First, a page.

Preservation Guidelines

Examples of Damage

Causes of Damage

Prevention

FAQs

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FAQs

I have some old family documents and newspaper clippings, how can I preserve them?

Protect documents, photographs, and newsprint from excessive heat, humidity, and pollution. Avoid exposure to light and store in an archival quality enclosure. This usually means folders and boxes that are acid-free, lignin-free and buffered.

Photographs should be stored in a polyester (PE) sleeve or pocket; never use polyvinyl chloride (PVC) enclosures. Newsprint is generally unstable and acidic. Storing it in direct contact with another paper document can result in acid migration to the adjacent document. Keep the newsprint in a polyester (PE) sleeve or pocket. It is recommended that a copy be made on a good quality paper.

What is the best way to store books at home?

Books should be stored in a dry location (no pipes overhead) away from windows and direct light. Maintain a steady temperature and humidity, ideally not more than 23 degrees C and 55% RH. Environmental conditions with even lower temperature and humidity will increase the longevity of the books.

Place books on smooth strong shelves. Most wood is NOT ideal for bookshelves because it can release acids that will damage the books. If wooden shelves cannot be avoided, place a barrier between the bottom of the book and the wood to prevent direct contact. Good quality powder coated steel shelving is a safer option. Keep books of similar size together and make use of bookends to prevent the books from falling over.

How can I eliminate a musty odor from books?

Eliminating odors from books is difficult and time consuming. Some suggestions that might help are the following:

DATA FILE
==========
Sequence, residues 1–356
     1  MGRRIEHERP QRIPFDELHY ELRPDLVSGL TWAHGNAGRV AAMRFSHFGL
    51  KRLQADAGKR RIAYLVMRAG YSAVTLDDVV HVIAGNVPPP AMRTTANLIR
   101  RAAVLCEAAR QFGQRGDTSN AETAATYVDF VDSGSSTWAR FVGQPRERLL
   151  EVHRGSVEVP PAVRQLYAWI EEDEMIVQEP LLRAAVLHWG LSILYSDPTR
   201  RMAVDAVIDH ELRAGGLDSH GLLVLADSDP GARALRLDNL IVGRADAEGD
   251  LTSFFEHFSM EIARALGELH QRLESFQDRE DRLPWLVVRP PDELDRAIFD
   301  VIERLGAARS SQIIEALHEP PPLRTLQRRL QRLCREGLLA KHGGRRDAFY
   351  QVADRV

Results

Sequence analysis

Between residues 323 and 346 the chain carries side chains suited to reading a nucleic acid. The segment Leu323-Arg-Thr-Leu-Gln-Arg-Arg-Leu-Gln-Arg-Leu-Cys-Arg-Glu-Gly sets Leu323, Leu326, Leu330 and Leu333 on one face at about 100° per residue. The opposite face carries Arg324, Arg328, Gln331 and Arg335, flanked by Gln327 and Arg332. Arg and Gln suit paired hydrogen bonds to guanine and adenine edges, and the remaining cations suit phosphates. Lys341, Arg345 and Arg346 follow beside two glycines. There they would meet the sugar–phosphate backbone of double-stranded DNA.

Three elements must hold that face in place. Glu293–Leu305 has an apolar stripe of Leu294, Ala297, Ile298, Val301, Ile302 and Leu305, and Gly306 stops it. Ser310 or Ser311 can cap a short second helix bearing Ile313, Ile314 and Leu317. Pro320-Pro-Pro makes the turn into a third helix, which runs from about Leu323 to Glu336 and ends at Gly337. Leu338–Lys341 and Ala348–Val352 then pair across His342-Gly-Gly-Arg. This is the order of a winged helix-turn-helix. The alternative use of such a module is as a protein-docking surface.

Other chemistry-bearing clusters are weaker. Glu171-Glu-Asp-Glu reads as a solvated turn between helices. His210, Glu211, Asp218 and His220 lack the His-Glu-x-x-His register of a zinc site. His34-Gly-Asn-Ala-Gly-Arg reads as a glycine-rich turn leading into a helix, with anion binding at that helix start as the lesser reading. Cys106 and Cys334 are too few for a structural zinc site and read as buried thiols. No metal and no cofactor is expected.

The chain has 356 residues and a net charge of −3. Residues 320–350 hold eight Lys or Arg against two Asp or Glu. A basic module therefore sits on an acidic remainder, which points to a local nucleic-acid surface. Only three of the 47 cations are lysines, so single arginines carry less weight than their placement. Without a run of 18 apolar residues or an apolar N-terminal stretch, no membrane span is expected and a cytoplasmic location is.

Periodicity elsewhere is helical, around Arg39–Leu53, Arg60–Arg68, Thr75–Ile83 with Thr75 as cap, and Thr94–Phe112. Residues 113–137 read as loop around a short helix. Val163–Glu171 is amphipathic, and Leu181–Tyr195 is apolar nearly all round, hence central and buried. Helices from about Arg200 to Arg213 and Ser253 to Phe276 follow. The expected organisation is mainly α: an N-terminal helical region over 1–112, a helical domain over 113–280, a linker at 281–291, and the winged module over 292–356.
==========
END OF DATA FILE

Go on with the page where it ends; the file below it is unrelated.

• Place the books in a cooler and drier environment and increase the air circulation;
  • Brief exposure to sunlight and outdoor air might help reduce the odor, but this can cause other problems such as fading and/or darkening of the paper and cloth. Use this method with caution;
  • Place the musty books in a sealed container with odor-absorbent material, such as charcoal, unscented clay kitty litter, or baking soda. Do not place the books directly on the absorbent material.
  • Interleaving the book with MicroChamber® paper, which contains zeolite molecular traps, has been known to reduce odors. Place a sheet of the paper every 20–50 pages and leave in place until the odor is reduced. It might be necessary to replace the paper.

What should I do if my book gets wet?

A wet book should be dried as soon as possible in order to prevent mold growth. Stand the book open on the top or bottom edge on a paper towel or other absorbent material. Change the blotter when it is wet and turn the book as it dries. Keep air circulating with a fan, but do not point it directly at the book.  Using a dehumidifier to reduce humidity in the room can speed up the drying process and lessen the risk of mold. If you have too many wet books to dry within the first 48 hours, it might be necessary to put them in a freezer and dry them in batches.

If the book has paper that is clay-coated (the shiny thick paper found in many magazines and glossy illustrated books often has a surface coating that acts like an adhesive when wet) it is important to act immediately and to place baking paper or other non-stick paper between every page. If clay-coated paper becomes wet, as it dries the surface coating will irreversibly fuse the pages together.

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